Edited by Laura Gurzynski-Weiss
[Language Learning & Language Teaching 53] 2020
► pp. 52–75
Chapter 3. The effect of proficiency, gender, and learning style on the occurrence of negotiated interaction in communicative task performance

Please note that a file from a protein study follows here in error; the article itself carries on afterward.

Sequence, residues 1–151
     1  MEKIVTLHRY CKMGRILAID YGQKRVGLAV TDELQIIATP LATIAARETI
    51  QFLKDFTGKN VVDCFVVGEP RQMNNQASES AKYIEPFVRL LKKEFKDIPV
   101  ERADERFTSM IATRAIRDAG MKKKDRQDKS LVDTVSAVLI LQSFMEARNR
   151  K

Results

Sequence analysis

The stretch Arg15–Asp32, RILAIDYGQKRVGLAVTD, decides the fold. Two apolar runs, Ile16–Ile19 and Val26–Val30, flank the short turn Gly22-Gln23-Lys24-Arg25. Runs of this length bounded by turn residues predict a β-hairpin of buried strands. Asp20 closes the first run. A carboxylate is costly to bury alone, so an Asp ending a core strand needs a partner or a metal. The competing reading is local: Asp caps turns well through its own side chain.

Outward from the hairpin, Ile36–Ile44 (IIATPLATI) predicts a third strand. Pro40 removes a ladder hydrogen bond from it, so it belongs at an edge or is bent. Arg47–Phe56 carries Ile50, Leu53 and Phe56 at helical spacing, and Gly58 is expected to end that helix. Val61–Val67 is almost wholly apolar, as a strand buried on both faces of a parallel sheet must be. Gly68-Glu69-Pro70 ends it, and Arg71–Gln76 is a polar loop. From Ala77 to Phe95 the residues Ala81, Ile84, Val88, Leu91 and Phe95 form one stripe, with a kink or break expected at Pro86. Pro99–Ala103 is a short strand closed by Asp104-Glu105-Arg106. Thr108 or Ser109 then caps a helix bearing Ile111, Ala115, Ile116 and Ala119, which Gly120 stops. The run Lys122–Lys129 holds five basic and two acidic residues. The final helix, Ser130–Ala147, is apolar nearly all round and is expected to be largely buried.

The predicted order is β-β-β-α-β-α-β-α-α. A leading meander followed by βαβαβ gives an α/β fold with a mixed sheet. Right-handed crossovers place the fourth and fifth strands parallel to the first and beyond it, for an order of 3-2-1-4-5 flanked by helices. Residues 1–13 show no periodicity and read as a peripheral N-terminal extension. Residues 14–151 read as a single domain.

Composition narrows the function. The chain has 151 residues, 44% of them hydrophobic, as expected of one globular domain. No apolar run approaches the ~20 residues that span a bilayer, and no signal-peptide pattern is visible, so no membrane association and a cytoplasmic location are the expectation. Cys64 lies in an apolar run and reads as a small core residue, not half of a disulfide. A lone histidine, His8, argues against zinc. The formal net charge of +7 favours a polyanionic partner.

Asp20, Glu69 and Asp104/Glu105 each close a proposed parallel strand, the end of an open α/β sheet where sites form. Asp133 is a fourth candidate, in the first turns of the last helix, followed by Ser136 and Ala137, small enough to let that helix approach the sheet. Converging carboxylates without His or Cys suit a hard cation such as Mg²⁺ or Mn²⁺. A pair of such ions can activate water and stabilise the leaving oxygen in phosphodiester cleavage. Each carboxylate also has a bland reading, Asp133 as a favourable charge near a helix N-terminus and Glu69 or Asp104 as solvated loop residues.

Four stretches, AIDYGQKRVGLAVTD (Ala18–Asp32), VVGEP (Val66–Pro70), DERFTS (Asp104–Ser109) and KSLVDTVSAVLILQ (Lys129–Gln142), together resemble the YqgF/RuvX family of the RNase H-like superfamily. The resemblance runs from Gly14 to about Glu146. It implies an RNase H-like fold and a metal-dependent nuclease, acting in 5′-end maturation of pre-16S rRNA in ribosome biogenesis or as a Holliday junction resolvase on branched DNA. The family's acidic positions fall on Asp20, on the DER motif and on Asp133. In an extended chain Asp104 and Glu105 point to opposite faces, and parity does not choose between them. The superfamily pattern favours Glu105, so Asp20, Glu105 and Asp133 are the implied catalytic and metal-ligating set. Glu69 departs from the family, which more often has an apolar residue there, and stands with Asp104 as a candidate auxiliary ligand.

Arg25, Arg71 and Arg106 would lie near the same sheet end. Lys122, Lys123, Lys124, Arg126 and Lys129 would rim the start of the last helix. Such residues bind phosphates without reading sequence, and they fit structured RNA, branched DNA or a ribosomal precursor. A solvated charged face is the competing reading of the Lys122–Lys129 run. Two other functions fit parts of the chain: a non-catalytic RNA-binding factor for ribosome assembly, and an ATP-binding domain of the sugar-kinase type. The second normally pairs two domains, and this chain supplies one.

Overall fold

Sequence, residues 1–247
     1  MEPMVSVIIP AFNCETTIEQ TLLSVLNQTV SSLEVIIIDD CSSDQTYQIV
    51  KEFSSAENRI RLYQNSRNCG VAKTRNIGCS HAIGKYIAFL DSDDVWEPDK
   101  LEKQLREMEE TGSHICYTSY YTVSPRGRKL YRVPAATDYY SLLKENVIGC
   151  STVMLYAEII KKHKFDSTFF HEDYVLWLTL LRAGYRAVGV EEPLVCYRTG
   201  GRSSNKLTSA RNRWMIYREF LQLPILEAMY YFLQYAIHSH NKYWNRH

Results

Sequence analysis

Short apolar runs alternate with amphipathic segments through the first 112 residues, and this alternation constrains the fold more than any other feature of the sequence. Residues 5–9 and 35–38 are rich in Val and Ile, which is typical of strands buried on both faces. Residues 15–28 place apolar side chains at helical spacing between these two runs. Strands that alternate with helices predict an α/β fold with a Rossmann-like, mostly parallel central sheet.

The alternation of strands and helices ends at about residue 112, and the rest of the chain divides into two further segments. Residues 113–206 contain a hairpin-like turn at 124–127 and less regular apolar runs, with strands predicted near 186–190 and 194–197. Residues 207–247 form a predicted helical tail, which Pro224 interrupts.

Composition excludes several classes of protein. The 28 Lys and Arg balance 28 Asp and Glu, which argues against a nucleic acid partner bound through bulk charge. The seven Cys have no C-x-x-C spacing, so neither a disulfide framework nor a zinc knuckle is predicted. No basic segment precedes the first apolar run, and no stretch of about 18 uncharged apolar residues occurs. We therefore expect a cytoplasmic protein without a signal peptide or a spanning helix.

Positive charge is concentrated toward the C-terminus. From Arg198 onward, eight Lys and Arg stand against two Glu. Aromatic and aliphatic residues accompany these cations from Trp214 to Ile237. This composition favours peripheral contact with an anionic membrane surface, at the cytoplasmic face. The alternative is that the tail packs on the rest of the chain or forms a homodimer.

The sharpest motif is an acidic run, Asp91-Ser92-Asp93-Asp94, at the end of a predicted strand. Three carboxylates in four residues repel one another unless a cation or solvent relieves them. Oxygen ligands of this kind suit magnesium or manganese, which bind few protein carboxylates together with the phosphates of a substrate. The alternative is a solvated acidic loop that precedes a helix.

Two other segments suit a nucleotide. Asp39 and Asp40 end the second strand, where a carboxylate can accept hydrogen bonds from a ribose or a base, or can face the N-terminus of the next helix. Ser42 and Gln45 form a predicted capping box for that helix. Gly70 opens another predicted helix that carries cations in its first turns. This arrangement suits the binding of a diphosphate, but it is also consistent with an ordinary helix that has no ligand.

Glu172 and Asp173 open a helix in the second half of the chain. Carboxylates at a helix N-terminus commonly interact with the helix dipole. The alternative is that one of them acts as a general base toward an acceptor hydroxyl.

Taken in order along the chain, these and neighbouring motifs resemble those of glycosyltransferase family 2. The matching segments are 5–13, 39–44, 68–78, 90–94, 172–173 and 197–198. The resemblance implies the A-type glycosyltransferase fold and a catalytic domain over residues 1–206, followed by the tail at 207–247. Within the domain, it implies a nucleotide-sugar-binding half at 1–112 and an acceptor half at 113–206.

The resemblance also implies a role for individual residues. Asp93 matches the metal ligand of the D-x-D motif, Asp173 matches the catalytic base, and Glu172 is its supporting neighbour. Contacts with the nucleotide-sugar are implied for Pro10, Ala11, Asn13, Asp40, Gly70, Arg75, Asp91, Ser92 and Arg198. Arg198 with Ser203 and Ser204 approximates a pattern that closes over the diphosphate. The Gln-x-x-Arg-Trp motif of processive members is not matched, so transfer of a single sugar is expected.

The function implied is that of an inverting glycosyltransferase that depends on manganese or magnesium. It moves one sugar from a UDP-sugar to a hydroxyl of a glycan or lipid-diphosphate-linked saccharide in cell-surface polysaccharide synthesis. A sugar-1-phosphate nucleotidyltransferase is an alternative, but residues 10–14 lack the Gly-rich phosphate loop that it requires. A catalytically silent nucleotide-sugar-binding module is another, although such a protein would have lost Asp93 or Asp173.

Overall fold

Apart from positive evidence, or information about what is possible in the target language (TL), second language learners also need negative evidence, or information about what is not possible in the TL, and opportunities to engage in output production (Gass, 2003). As postulated by the cognitive-interactionist approach, these conditions can be met through opportunities for negotiated interaction. Building on previous research (e.g., Gass & Varonis, 1986; Iwashita, 2001; Porter, 1996; Rassaei, 2015), this study investigated the impact of English learners’ proficiency, gender, and learning style on the occurrence, nature, and outcomes of negotiation in two tasks, which differed with respect to the presence of information gap. Results provide some evidence for the mediating role of gender and learning style but not proficiency, with task type being an important mediating variable.